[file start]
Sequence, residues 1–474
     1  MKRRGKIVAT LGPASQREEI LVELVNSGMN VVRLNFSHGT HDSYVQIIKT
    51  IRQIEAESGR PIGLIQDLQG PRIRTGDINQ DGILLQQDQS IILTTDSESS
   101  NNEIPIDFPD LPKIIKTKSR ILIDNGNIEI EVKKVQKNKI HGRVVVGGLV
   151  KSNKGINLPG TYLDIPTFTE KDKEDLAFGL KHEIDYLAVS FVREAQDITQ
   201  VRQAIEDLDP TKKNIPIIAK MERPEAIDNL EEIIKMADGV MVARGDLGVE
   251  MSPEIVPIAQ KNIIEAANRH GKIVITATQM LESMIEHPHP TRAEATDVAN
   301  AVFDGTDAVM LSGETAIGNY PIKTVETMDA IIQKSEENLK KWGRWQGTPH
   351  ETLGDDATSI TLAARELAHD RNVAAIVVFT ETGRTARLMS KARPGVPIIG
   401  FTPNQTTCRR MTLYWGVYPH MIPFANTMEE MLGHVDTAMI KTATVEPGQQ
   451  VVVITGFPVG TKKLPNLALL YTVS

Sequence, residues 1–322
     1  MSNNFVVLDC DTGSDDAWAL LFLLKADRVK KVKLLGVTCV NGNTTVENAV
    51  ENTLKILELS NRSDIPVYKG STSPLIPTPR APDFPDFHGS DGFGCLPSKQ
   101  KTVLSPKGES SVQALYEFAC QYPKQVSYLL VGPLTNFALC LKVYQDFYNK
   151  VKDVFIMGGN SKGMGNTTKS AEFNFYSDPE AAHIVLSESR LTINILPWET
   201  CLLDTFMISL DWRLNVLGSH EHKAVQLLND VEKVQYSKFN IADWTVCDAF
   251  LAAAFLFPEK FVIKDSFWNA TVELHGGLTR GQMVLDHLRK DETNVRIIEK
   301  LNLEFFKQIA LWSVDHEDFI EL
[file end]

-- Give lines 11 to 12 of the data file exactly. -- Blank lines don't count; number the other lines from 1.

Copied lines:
   451  VVVITGFPVG TKKLPNLALL YTVS

Sequence, residues 1–322